So learn to listen to not only what is being said, but to what is being not said.  Much like the absence of tracks in the woods often means that someone is trying to cover something up, when you find yourself in a situation where  no one at all has anything even the least bit critical to say about what you’ve said or done . . . be suspicious.

Be very, very suspicious.

Honest Feedback (Part Two)

August 5, 2010

But, as I said, there are times when it’s just flat out more complicated than that.

Case in point, recently I called someone an idiot.  (Technically I didn’t actually call them that, I merely agreed with their self-assessment that they were an idiot, but I think we all understand that’s pretty much the same thing.)  This is someone I like and respect a lot, and there are several people out there that would say that what I said was a mean thing to say, particularly to a friend.

Well . . . it was.

It was also more true than false.

It wasn’t entirely true because they’re not generally an idiot, but they had made some idiotic decisions lately, and at that point in time . . . let’s just say to protest that they weren’t an idiot would have be more false than true.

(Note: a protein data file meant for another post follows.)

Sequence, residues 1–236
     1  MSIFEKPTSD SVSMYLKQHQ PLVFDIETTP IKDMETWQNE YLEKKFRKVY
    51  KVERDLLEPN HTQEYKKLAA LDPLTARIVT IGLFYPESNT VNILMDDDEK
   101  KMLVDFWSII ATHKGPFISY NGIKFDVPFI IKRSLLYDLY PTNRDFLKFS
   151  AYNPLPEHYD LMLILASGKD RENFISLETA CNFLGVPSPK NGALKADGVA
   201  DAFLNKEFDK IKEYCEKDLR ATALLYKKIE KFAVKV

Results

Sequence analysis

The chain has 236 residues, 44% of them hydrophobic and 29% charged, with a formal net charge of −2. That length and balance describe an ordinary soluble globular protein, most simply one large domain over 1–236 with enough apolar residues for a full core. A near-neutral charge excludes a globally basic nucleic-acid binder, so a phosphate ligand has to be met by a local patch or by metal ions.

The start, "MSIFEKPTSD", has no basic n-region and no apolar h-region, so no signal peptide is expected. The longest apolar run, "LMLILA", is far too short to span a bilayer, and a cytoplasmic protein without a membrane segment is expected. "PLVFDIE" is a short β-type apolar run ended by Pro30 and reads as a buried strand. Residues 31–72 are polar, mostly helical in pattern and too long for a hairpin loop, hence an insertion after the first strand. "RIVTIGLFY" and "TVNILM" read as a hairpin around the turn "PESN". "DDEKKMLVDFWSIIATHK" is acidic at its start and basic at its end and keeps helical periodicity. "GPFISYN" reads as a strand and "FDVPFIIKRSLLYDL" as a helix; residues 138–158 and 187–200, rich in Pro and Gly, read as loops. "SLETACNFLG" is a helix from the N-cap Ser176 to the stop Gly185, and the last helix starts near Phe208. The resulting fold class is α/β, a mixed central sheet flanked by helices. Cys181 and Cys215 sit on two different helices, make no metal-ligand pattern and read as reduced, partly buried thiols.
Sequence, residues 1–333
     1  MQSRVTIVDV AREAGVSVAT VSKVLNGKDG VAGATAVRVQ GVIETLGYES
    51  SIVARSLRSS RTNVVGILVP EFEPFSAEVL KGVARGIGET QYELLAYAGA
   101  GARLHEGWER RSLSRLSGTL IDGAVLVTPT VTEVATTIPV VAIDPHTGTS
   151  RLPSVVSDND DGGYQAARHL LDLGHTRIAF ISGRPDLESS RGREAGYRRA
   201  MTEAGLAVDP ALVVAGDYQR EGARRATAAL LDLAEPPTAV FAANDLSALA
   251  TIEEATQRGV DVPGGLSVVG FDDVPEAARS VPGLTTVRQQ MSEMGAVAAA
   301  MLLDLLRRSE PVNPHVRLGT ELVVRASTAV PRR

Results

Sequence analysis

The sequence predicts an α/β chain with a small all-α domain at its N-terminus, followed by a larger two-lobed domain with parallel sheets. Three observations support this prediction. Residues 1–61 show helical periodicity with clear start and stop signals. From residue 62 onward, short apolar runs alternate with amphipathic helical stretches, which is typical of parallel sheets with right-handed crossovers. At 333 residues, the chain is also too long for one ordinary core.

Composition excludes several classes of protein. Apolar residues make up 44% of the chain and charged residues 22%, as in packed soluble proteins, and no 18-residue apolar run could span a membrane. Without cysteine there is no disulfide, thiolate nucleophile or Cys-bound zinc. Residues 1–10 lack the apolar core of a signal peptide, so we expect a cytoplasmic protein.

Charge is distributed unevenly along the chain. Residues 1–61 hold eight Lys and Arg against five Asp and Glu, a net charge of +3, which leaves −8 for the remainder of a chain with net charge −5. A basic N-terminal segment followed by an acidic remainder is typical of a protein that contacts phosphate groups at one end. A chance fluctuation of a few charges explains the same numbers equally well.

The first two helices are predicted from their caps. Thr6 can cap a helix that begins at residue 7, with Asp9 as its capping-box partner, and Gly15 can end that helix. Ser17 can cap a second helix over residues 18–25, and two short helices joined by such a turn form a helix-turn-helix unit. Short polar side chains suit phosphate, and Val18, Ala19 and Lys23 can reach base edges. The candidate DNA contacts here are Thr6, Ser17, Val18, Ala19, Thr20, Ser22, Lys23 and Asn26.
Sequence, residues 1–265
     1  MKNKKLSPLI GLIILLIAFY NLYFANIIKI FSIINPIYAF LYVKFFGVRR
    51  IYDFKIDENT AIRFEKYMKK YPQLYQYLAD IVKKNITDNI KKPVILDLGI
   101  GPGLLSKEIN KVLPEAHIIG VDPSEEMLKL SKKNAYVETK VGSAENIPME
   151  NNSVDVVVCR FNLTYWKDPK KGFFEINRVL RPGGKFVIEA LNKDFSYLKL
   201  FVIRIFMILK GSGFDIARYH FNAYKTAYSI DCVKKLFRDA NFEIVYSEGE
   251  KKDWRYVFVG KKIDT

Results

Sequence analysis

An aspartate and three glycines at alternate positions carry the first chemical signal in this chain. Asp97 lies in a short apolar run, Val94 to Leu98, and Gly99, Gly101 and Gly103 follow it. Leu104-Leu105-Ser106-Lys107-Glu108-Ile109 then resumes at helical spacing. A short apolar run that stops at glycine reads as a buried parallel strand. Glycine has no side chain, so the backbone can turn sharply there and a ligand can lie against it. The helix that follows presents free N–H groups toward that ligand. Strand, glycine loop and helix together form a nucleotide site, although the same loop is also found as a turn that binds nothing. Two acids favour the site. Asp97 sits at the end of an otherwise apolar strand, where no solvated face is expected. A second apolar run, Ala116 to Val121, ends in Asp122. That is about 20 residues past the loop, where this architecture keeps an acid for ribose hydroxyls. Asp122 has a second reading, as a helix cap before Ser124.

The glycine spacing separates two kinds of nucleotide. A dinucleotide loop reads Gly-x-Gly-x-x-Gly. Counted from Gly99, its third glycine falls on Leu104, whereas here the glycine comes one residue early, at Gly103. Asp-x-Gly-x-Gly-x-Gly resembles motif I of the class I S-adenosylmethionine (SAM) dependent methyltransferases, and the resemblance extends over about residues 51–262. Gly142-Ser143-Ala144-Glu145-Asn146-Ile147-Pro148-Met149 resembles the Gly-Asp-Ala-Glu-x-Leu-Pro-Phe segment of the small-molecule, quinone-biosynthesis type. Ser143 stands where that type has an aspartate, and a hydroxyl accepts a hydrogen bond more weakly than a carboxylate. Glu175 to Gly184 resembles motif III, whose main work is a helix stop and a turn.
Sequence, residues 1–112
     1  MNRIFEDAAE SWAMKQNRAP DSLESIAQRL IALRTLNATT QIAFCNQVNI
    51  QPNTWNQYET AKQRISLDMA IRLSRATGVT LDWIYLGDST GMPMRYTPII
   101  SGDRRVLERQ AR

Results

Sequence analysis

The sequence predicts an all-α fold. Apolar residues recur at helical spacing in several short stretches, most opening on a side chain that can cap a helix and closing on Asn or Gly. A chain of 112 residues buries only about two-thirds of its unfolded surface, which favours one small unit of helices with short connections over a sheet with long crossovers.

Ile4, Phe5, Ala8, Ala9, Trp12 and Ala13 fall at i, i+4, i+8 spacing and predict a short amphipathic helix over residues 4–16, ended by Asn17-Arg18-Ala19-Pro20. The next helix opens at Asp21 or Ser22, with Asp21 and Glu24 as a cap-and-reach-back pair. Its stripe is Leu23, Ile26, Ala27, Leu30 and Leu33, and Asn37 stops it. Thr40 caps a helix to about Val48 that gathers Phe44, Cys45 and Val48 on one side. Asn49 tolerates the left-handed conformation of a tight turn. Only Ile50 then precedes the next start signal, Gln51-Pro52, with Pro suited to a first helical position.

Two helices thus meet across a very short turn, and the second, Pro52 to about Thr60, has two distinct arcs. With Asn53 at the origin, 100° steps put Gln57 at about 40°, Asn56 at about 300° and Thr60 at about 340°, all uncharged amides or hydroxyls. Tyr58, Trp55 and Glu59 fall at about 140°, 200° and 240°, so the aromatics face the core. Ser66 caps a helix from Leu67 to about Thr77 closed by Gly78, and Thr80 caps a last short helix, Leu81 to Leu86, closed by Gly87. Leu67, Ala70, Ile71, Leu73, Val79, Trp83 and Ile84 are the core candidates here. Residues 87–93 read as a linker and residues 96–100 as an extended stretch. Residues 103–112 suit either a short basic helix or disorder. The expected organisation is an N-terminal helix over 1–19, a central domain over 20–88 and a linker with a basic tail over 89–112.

So . . . I agreed with them rather than insult them with protest we both would know was false, then quickly followed up with that at least they were an idiot capable of learning from their mistakes, and that counted for a lot.

And you know what they call an idiot capable of learning from their mistakes, right?

Someone soon to be an idiot no longer.

Honest Feedback (Part One)

August 4, 2010

Understanding feedback is probably one of the most vital skills any living organism can develop if it wants to prosper in any given situation.  At the basic level all living organisms apparently have access to pleasure-pain feedback, which is a great general guideline for survival, but the more complex your situation, the more likely that basic guideline will lead you astray.

In other words, even in the realms of “mere” survival, just because it feels good doesn’t always make it good for you (see “Rapture of the Deep“) any more than something feeling bad always makes it bad for you (For instance, I’m told it’s extremely unpleasant to keep moving and awake while suffering from Hypothermia as one fights against the instinct toward Terminal Burrowing).  When you move on to even more complex situations, like social interactions or literary criticism, things get problematic indeed.

Even so, before further contemplating the exceptions to the rule, let us pause to respect the power and usefulness of the general guideline.  As it has been said, “The race is not always to the swift, nor the battle to the strong, but that’s how the smart money bets.”